• Have people make commitments for what they are going to do next.


To hear more about coaching strengths for organizations, individuals and coaches, please watch the full video or listen to the audio above.

Visit 
Gallup Strengths Center to browse our myriad of products and learning opportunities for strengths-based development.

Continue the coaching conversation on Facebook and Twitter. It’s a great way to network with others who share a passion for strengths!

Dean Jones is the principal architect of Gallup's global client learning strategy. Dean consults with clients on strategic solutions to address key business issues, including organizational development, performance management, learning and development, productivity and workforce effectiveness. he oversees the direction of Gallup's client learning offerings, the development of the organization's learning consultants, and the growth of Gallup's learning business worldwide, including its public course offerings and learning products.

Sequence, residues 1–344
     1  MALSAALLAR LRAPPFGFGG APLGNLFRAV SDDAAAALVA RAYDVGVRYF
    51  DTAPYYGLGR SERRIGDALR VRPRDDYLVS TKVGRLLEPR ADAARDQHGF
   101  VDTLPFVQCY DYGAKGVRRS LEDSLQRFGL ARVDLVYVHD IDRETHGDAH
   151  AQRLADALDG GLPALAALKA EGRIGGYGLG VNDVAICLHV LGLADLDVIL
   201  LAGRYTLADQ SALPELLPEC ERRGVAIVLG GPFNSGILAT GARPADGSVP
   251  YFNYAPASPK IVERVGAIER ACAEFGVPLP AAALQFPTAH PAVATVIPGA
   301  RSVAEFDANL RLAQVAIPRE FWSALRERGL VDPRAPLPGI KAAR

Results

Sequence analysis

Dean Jones's top five strengths are Activator, Focus, WOO, Strategic and Relator.

Thursday, January 12, 2017

Learn the 18 Books Paul Allen Wants You to Read (And Meet His Wife, Too!)


On a recent Called to Coach, we spoke with Gallup's Strengths Evangelist, Paul Allen.




In this called to coach, Paul Allen interviews his very own wife, Christy Allen. He also goes through a list of Gallup publications about strengths that a lot of coaches aren’t aware of or haven’t read – and why coaches should read them.

Christy recently completed Gallup’s Accelerated Strengths Coaching course. Christy’s top five strengths are Empathy, Restorative, Relator, Context and Consistency. She and Paul are developing a couple’s retreat centered around CliftonStrengths. Tune in to hear more about their new idea!

Tuesday, January 10, 2017

Everybody Needs a Coach: A Look Back at the Historic CliftonStrengths Summit

By Adam Hickman



“What will happen when we think about what is right with people rather than fixating on what is wrong with them?” – Don Clifton